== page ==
Coronavirus disease 2019 (COVID-19) has turned the school system upside down. Schools were caught off guard when they were ordered to close, and it showed. While there were some suburban schools that had dabbled in distance learning for inclement weather, almost nobody was prepared for this kind of scenario where students are learning at home for months at a time.
That has to change.
Circumstances that close schools for long periods of time are not common, but they are not unprecedented. And given enough time, they will happen again. Whether they close due to weather, some type of war or threat of attack, or even another pandemic (most likely resurgence of this one), school is always at risk.
This time around schools were scrambling to come up with suitable plans for distance learning. E-Learning strategies were created on the fly. Districts had to lend out computers and, in some cases, buy internet for families. Some schools seemed to have reached a place where students can complete work online, but that took weeks. Some schools are still not even to that point.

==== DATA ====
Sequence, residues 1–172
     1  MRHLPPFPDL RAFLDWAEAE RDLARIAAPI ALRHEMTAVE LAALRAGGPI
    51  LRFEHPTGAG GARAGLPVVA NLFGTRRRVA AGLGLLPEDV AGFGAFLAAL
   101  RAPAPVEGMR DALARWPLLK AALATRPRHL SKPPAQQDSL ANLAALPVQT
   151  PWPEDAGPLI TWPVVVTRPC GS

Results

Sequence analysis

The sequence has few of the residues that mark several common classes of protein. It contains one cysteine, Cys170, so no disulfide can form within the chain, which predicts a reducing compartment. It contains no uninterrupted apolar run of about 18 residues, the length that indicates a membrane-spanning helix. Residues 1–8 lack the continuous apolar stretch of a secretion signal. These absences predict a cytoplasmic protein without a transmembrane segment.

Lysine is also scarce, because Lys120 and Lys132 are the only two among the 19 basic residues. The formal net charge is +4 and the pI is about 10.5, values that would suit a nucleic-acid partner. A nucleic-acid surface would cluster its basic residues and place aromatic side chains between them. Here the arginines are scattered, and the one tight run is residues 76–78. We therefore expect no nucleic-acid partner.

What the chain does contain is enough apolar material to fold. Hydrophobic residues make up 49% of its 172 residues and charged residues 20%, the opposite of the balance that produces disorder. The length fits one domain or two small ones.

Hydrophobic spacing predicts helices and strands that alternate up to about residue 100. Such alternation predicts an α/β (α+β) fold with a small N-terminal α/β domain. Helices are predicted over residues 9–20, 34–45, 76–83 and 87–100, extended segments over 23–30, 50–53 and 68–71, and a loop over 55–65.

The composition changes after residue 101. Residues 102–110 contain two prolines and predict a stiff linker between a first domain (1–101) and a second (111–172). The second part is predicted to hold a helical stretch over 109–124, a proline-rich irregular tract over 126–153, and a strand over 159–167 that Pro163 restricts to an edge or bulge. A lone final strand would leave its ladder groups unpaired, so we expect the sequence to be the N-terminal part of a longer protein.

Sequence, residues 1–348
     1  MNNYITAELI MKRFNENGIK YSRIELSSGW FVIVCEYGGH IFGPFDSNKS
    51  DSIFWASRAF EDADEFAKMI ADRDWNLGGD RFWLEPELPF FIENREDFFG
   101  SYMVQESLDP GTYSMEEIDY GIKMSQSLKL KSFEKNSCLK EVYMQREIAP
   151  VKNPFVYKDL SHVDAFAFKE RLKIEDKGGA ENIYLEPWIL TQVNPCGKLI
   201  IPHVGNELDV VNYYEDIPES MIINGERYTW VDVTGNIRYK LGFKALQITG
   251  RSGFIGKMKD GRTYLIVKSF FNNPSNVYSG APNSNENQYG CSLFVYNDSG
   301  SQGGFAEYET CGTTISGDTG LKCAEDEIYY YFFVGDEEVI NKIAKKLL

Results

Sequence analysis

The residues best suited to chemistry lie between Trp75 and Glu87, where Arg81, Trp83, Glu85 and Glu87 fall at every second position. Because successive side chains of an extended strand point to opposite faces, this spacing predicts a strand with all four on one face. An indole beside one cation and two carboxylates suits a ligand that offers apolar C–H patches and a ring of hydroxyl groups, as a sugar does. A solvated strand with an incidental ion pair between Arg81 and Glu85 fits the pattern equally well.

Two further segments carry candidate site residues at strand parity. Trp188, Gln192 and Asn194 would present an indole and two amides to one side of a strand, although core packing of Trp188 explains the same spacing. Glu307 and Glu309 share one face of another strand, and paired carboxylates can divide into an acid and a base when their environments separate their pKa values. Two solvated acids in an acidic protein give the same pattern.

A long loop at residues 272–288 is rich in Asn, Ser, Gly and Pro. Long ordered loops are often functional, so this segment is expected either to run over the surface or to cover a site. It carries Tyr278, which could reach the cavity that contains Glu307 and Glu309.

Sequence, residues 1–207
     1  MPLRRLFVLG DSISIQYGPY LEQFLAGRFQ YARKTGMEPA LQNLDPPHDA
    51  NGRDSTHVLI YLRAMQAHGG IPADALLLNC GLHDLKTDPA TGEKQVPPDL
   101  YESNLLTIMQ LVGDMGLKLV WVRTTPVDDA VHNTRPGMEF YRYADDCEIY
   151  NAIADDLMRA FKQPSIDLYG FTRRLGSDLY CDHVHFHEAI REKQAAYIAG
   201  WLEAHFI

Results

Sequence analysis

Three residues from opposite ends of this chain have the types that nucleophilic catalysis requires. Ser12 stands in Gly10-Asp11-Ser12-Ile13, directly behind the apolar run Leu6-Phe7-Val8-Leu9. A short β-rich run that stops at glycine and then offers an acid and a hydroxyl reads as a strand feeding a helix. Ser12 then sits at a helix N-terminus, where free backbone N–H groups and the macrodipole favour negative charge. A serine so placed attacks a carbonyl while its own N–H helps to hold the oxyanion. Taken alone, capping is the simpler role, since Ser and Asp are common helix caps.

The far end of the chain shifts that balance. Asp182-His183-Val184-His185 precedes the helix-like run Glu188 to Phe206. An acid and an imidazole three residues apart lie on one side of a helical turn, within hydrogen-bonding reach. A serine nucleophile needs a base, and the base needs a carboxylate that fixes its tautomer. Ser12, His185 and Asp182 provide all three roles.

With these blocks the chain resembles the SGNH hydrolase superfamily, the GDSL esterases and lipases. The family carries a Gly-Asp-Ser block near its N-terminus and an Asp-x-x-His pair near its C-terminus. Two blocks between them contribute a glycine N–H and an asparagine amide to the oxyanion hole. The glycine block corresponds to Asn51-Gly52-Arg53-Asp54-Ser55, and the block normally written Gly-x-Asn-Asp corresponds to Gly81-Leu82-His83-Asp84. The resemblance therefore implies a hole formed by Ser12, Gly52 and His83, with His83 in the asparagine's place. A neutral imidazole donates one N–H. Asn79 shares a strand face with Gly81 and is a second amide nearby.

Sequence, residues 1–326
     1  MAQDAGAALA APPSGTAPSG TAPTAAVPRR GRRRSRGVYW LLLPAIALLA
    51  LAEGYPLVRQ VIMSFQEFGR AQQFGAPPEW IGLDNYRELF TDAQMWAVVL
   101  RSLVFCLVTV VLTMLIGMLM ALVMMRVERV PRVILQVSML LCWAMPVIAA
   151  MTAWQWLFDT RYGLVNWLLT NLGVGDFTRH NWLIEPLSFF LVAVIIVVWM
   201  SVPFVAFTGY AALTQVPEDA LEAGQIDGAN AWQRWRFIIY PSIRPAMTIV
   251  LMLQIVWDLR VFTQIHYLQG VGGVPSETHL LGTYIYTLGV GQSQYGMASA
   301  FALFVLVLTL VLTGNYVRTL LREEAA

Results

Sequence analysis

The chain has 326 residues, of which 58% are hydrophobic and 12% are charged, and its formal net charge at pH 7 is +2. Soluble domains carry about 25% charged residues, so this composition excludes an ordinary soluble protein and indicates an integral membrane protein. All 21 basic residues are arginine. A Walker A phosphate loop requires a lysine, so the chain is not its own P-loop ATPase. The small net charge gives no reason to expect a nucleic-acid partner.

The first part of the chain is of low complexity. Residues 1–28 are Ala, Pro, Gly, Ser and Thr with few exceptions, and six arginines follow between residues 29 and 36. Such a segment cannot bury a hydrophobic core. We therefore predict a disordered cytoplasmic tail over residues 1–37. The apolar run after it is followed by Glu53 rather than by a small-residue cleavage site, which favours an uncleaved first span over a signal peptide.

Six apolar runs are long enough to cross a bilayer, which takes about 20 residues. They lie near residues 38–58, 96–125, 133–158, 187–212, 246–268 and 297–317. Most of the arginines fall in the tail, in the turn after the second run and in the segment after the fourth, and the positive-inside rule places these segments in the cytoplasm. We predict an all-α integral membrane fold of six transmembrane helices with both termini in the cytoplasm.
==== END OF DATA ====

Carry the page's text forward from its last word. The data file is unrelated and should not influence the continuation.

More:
Schools need to make it a top priority to get E-Learning plans squared away. Those plans need to be more than theoretical what-ifs and suggestions. They need to be well planned out and communicated to students and families as the fall back in case of an emergency. Ideally, you want a situation where schools tell families to shift to E-learning without having to explain what it is and how it works. Of course, if you teach in a low-income area this includes planning around how to get technology and the internet to families who need it.
E-Learning is not a suitable long-term replacement for in-person instruction, but schools may find themselves in a situation where it is the best they can do. Every school needs to have a strong contingency plan. This situation has shown that is not yet the case.